Featured today is C.C. Edge (aka Carol Edge, HeartlandLiberal’s wife) Let’s give her a warm welcome.
I haven’t read her book, Blood Terminal, which was just released on Amazon, but the description made me think of one of my favorite books – Animal Dreams – because if you asked me what Animal Dreams was about I could describe it in five different ways, and all of them would be true.
I understand that HeartlandLiberal designed the book cover, so he gets a shoutout, too!
Blood Terminal: Murder in the Magic City
by Carol Edge
Animals and social justice, beloved by the jackals of Balloon Juice: heady company in which to talk about my new mystery novel. My book is a novel and it’s a mystery, but it’s mostly about social injustice, and there are no animals anywhere. Unless someone sneaked one on the train.
Blood Terminal takes place when Jim Crow, Prohibition, and the Great Depression ruled the lives of everyday people. For those who could afford it, the 1930s were a glorious time for passenger trains. My novel brings together the ordinary people who serve on trains and those who ride them.
The train is the Hummingbird Express; the ordinary people a railroad bull, a Pullman porter, and a maid; the less ordinary are the family the maid works for, the railroad officialdom, and the Birmingham police force. As disparate as these social elements are, it’s all about race. Even when sexism and classism appear, it still about racism. But it’s also about murder and finding the right murderer.
What can I tell you other than what the story’s about? After all, it’s a mystery. I can’t tell you whodunit or how the solution unfolds, right? For the sake of that universal arc, I will say that there is some social justice in the end. But, remember the setting, all sorrows aren’t tied up in ribbon. Our society is still waiting for that solution.
Birmingham, Alabama, has been called ground zero for the civil rights movement of that period. Deservedly so. It’s also my hometown and thus first choice as a setting for Blood Terminal. There’s not a single character, place, or event in the book that I haven’t witnessed or had some connection to, through time and space, first-, second-, or third-hand. I’m not Black, cannot speak for any Black person’s experience, but I can speak to what I’ve observed and learned. My intention was never to disrespect Birmingham or its police force, but rather to illustrate how some aspects of Jim Crow culture played out in that very typical setting.
I also wanted to show a friendship that crossed the barbed racial wires fencing people apart from each other. There must have been a number of such instances of Black/White human interaction, but those don’t make the history books so often. My father was in part a model for the character of Earl; some of their life experiences run parallel, including having a close Black friend in the early and middle twentieth century. My father “stood up for Bessemer at his wedding” and was a pall bearer at his funeral.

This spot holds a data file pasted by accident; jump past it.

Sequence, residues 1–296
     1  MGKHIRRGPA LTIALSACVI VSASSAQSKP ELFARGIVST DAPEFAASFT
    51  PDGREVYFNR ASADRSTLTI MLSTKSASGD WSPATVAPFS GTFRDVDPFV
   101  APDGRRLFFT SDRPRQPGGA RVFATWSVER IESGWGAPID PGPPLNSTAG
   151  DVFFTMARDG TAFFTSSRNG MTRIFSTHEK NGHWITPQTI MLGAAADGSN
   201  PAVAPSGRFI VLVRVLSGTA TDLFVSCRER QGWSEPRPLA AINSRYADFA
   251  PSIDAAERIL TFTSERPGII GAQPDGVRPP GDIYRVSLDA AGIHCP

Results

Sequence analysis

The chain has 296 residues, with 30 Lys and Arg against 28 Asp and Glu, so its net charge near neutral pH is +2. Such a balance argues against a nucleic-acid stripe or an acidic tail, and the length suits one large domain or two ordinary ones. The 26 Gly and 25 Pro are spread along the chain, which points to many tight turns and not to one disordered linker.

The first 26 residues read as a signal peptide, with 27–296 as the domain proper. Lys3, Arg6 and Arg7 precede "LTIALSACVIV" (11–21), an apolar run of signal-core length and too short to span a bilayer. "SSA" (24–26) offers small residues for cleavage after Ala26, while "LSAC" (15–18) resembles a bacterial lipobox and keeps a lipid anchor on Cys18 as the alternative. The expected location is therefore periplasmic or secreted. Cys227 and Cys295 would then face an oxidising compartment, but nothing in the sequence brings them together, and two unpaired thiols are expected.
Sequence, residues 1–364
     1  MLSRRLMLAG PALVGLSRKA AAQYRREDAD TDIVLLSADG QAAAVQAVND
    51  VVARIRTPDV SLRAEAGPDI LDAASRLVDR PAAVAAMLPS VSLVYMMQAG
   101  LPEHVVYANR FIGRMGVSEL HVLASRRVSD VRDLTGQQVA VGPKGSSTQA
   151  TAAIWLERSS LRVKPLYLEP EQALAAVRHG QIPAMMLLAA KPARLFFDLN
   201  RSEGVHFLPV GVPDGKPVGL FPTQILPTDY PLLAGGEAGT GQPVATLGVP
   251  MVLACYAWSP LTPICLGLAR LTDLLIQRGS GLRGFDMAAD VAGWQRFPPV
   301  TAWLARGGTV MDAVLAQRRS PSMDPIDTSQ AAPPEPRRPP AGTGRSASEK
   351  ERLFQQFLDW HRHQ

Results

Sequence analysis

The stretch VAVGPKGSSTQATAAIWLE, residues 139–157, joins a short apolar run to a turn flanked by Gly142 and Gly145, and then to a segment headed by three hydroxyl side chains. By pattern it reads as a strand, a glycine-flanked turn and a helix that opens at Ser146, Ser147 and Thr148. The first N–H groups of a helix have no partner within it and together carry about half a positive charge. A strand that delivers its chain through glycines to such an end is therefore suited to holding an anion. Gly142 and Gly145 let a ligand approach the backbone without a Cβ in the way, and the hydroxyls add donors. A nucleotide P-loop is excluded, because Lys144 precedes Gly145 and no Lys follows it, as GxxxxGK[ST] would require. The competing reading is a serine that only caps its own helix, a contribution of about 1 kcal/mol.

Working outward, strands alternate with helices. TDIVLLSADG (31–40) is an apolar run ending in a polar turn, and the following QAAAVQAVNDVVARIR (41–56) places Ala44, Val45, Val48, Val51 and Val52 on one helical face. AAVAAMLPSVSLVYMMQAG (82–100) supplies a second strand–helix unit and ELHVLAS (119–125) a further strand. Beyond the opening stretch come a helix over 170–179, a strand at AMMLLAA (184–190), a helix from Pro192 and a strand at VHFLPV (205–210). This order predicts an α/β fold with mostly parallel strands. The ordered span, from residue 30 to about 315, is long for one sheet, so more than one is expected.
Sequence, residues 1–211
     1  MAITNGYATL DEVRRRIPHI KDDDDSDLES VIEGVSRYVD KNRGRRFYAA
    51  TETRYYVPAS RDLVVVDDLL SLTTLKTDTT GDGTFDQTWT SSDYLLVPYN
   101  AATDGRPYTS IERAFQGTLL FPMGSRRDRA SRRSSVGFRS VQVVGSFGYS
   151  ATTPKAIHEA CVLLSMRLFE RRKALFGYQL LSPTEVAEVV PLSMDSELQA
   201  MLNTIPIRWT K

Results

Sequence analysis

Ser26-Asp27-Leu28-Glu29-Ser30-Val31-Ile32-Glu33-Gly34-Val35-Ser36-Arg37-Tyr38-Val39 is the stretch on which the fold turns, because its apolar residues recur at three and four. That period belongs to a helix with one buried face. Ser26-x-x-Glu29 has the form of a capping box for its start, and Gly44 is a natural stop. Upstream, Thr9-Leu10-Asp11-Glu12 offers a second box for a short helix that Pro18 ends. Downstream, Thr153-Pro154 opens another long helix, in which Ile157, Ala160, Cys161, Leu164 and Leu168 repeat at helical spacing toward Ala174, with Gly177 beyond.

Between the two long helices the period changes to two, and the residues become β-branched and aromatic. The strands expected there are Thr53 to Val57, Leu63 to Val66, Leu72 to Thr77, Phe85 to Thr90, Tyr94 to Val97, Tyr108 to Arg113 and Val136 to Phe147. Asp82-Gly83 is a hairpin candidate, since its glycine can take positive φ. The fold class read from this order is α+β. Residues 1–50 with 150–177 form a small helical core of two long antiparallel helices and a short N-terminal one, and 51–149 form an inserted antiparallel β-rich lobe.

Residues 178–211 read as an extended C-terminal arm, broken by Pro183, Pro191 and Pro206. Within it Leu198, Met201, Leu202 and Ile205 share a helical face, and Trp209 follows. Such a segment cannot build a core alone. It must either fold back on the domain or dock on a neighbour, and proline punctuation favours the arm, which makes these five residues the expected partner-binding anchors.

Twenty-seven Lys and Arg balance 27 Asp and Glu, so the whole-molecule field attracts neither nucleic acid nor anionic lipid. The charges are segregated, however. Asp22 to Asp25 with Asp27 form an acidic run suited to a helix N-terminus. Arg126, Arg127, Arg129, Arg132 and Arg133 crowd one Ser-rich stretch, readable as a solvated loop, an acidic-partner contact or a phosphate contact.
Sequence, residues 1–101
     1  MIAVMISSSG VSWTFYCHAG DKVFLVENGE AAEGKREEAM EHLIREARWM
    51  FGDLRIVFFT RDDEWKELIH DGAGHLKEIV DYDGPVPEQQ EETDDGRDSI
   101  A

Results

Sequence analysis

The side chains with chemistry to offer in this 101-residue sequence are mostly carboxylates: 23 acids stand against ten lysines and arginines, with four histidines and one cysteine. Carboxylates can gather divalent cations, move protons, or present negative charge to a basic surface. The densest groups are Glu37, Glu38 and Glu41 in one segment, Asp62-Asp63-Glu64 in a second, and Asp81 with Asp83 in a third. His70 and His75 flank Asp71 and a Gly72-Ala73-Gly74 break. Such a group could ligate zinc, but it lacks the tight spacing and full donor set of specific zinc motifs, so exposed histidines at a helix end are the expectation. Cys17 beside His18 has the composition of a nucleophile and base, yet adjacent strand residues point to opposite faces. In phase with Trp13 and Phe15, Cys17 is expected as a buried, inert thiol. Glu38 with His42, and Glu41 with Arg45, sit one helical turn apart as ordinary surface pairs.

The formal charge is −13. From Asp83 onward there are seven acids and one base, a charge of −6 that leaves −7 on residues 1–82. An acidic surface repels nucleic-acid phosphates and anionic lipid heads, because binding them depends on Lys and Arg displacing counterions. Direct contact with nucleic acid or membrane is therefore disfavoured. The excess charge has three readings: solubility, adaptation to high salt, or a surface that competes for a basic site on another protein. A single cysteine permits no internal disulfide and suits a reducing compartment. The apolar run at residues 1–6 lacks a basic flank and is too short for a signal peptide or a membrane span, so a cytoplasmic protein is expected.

My mother and the mothers of friends paid a pittance to Black women to clean and cook in their homes. Emma reflected the duality those women had to live day after day. But her spirit comes from one particular woman who worked for my mother. Mattie, I believe, saw me as a real person, not just a White kid, and I think I saw her.
The Pullman porters are true American originals. Their history, way of life, accomplishments are legendary and in great part generally unknown. The character of T.J. is a composite, mostly extrapolated from the biographies and true stories of Pullman porters recorded by social historians.
The history of the Brotherhood of Sleeping Car Porters is as fascinating as any in this nation’s amazing panoply of origin stories. I wholly agree with those who say that today’s Black middle class was founded on porters and postal workers. Domestic workers certainly played an active role in that as well. That is, in fact, what Blood Terminal is about: the struggle of a family wanting security and respect while living a gentle and righteous life. Murder is a metaphor for the killer struggles African Americans have endured here.
Yet it’s anything but an academic novel. Blood Terminal is a murder mystery. I hope readers enjoy it as such. I also hope that the themes, characters, and setting will resonate for them as they do for me.
If you read the book, please leave a review or comment somewhere. Additional information can be found on my website.
Especially during these hard times, it’s important to celebrate when we can, and to find joy where we can. It’s how we find the strength for the fights ahead.
Thanks, C.C. for sharing your joy with us today.